Board level debugging of the NXP i.MX 8M evaluation kit (MCIMX8M-EVK)

Recently we were asked to suggest what we would use to do board level debugging in a project. I’m a full-fledged Linux kernel hacker and I’ve spent most of my working life developing and porting device drivers. So, when it comes to board level debug I’ve done my fair-share. I cut my teeth using a BDI2000 JTAG. In those days the company I worked for had a partnership with Abatron (the maker of the BDI) so we had a lot of them sitting around.  They were very friendly with Linux and U-Boot so I never questioned if it was the best choice or not. Fast forward a few years to today and you’ll see that the JTAG picture is not so clear.  Also, I would say that my desire to leverage the most out of the Open Source community has increased. At this point I had made up my mind.  I’m going to do a demo using as much Open Technology as possible, but I only have a few days to get everything together.

First, we needed to decide on the board. I wanted to use a 96boards board because of the support they give and get from my friends over at Linaro. Bad news right off the bat from the customer, they want a quad ARM® Cortex®-A53 board and using an ARM big.LITTLE will not be a good replacement for them.  They give us a few choices with the NXP being the top of the list.  Great news this time, they have the MCIMX8M-EVK over at Arrow (I love the free overnight shipping). Ouch it’s $449… I continue to wish that I could use a 96Boards board. Oh well.

Next, need to find a JTAG. It has been a while since I’ve looked and let me tell you the landscape has changed quite a bit. So, what to use? After looking around I decided that I would use the Open Source Bus Blaster JTAG from Dangerous Prototypes. Great! An Open JTAG! This one turned into a mixed bag though. The JTAG needs to be ordered from Seedstudio, and they ship out of China.  I put the order in and hold my breath. If it isn’t delayed, and setup doesn’t take too long, and everything goes smoothly I’ll have a good demo. Since I have other things the customer wants demoed I’ll have some stuff to do to fill in the time gap anyway (more on those things in a different blog).

Ok, time flies by and quicker than I expected (and quicker than Seeedstudio expected) and the JTAG arrives. So now it is time to put together all the parts and try and wow the customer with a great demo!

Hardware Setup

Here is the list of hardware I needed to create the demo:

  • NXP i.MX 8M evaluation kit (MCIMX8M-EVK)
  • Dangerous Prototypes Bus Blaster v4 (probably could have used v3)
  • Olimex ARM-JTAG-20-10 ARM Micro JTAG adapter (micro ribbon cable included)
  • Bag of 6in male to female jumper wires (22AWG, UL1007, mates with 0.025in pin)

Time to wire things up:

This part was a bit tricky since I really wanted just to use the larger ribbon cable between the JTAG and the adapter. Actually, I had hoped that the adapter would plug into the JTAG directly, but it wasn’t the right size.  Because of this I ended up using the jumper wires. Anyhow this turned into a happy accident because connecting the reset pin kept the JTAG from working. So, using the jumper wires was a good thing. Here is the final wiring diagram between the JTAG and the adapter:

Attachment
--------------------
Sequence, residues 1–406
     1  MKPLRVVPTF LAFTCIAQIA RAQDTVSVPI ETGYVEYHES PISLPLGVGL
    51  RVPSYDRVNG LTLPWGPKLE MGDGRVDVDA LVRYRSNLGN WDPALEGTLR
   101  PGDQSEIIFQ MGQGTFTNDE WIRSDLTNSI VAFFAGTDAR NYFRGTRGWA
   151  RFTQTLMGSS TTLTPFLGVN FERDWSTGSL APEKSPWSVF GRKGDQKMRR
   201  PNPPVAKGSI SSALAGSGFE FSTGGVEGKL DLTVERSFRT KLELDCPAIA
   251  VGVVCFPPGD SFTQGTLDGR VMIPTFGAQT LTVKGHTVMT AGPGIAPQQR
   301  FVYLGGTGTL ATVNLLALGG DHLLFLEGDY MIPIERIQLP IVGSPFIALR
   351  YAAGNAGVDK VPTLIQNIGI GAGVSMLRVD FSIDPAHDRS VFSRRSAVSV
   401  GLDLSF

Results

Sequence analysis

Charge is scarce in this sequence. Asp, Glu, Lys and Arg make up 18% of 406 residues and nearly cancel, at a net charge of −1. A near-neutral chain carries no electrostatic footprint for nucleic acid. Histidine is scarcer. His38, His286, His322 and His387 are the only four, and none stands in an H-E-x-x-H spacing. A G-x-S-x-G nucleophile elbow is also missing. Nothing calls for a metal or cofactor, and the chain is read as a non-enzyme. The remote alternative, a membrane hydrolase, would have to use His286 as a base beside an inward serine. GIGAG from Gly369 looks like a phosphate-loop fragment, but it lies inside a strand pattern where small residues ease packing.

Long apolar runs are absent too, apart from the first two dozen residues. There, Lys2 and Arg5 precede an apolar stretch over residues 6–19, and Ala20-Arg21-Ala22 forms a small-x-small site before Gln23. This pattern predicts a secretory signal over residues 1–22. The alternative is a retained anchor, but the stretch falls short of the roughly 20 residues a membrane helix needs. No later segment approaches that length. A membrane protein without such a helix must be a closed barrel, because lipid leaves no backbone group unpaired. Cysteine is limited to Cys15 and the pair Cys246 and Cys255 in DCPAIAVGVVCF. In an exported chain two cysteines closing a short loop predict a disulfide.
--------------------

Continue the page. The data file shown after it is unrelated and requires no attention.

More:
The connection between the adapter and the i.MX eval board uses the ribbon cable. Be sure that the #1 pin of the ribbon cable (red wire) matches the #1 pin of the JTAG header on the board (marked with a ‘1’ on the silk screen).

Software

As with most new things I start out by creating a VM with my favorite Linux distro, Ubuntu. I know, I know… let the rants begin (I hear Tim screaming at me about the wonders of Fedora). I also use vim, so let’s get that out of the way too. Anyhow, I setup an Ubuntu 18.04.01 VM with 4 CPUs, 2GB of RAM, lots of disk space, and USB (for the JTAG).

OS all setup and ready to start:

The version of OpenOCD included with Ubuntu does not support our board, so we need to build from source.  First thing to do is clone the git:

Prerequisite time!
Build OpenOCD
All done, time to try things out. I’ve connected the JTAG to my VM and I stopped the i.MX 8M at the u-boot command prompt. (if you let Linux boot it will change the i.MX clocks and will keep the JTAG from connecting… More on that when I write on debugging the Linux kernel with this JTAG in a later post).
Ok, time to verify we have connected.
On a different terminal we will try a telnet to the OpenOCD

Well that is it!  JTAG connected and running! Demo complete and customer happy! I think in the next howto I’ll cover setting up a u-boot build environment with Eclipse (hint, I’ve already done it). I hope you’ve enjoyed, if so please share with others. Your feedback is also appreciated, so send me a note dagriego@biglakesoftware.com

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